HomeTechnologyRussian ransomware group breached federal agencies in cyberattack - UnlistedNews

Russian ransomware group breached federal agencies in cyberattack – UnlistedNews

A Russian ransomware group gained access to data from federal agencies, including the Department of Energy, in an attack that exploited file transfer software to steal and sell user data, US officials said Thursday.

Jen Easterly, director of the Cybersecurity and Infrastructure Security Agency, described the breach as largely “opportunistic” and not focused on “specific high-value information” or as damaging as previous cyberattacks on government agencies in USA

“Although we are very concerned about this campaign, this is not a campaign like SolarWinds that poses a systemic risk,” Easterly told reporters on Thursday, referring to the mass breach that compromised multiple US intelligence agencies in 2020. .

The Energy Department said Thursday that the records of two entities within the department had been compromised and that it had notified Congress and CISA of the breach.

“DOE took immediate action to prevent further exposure to the vulnerability,” said Chad Smith, deputy press secretary for the Department of Energy.

Representatives for the State Department and the FBI declined to comment on whether their agencies were affected.

Based on an assessment by CISA and FBI investigators, Easterly said, the breach was part of a larger ransomware operation carried out by Clop, a Russian ransomware gang that exploited a vulnerability in MOVEit software and attacked a variety of local governments, universities and corporations. .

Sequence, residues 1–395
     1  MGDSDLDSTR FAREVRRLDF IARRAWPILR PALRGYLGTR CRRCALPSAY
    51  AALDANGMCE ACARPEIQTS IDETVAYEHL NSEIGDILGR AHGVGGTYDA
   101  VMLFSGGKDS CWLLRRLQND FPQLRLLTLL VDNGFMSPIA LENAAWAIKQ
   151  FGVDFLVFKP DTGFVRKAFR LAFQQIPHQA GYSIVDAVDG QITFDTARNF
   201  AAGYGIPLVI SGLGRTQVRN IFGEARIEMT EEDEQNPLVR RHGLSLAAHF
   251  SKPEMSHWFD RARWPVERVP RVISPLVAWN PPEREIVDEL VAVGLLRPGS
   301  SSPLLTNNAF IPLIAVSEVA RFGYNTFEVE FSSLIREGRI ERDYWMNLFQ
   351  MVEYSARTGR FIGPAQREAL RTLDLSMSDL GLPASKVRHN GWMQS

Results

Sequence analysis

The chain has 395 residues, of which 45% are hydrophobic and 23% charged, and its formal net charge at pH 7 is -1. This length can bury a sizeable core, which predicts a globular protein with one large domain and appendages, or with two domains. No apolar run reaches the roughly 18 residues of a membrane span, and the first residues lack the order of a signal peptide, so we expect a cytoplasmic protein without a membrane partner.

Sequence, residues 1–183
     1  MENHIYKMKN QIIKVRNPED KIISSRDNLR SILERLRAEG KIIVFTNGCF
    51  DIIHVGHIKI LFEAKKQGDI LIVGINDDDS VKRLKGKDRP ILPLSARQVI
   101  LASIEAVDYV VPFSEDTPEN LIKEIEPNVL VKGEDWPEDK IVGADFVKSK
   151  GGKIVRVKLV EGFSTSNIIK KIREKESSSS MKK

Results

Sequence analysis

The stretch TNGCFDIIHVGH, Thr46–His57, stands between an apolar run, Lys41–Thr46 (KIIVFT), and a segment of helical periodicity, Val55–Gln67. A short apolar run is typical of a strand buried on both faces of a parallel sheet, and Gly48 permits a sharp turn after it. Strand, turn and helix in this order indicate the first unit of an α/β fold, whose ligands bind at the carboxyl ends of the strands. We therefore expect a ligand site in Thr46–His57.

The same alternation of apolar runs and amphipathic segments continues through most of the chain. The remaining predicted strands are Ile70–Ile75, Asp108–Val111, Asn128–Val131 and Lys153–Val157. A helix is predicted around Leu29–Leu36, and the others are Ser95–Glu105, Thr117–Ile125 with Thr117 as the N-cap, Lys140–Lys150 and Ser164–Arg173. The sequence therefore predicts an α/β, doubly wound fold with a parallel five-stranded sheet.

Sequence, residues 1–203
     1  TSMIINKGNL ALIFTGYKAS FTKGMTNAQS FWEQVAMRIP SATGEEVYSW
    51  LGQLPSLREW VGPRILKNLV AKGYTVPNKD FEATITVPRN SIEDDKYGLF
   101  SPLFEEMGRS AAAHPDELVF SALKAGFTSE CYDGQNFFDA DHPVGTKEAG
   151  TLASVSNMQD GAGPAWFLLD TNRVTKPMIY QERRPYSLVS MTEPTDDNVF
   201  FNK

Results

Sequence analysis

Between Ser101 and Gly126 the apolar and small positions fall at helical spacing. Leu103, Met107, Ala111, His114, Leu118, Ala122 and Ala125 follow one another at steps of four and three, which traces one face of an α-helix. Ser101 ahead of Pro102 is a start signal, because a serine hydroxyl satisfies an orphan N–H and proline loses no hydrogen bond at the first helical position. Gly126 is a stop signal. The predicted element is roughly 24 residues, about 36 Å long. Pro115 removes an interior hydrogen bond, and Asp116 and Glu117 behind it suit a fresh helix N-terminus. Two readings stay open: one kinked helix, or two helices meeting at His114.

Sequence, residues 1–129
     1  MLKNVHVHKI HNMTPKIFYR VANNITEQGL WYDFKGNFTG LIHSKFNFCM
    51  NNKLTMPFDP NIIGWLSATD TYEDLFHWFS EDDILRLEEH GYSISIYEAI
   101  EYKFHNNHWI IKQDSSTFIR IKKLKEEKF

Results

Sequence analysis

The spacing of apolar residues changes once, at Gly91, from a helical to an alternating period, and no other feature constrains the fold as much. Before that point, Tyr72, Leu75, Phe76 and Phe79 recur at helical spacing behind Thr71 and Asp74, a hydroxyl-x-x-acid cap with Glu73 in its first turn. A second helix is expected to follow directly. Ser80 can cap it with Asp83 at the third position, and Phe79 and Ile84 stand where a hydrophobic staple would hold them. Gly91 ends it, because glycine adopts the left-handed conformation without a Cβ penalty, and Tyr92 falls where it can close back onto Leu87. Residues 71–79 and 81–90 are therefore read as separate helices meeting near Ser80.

Earlier this month, public officials in Illinois, New Scotland and London revealed that they were among the software users affected by the attack. British Airways and the BBC said they were also affected by the breach. Johns Hopkins University, the University System of Georgia and European oil and gas giant Shell have issued similar statements about the attack.

A senior CISA official said only a small number of federal agencies had been affected, but declined to identify which ones. But, the official added, initial reports from the private sector suggested that at least several hundred companies and organizations had been affected. The official spoke on condition of anonymity to discuss the attack.

According to data compiled by the company GovSpend, several government agencies have purchased the MOVEit software, including NASA, the Treasury Department, Health and Human Services, and arms of the Department of Defense. But it wasn’t clear how many agencies were actively using it.

Clop previously claimed responsibility for the earlier wave of breaches on his website.

The group stated that it had “no interest” in exploiting any data stolen from government or law enforcement offices and had removed it, focusing only on stolen business information.

Robert J. Carey, president of cybersecurity firm Cloudera Government Solutions, noted that data stolen in ransomware attacks can easily be sold to other illegal actors.

“Anyone using this is probably compromised,” he said, referring to the MOVEit software.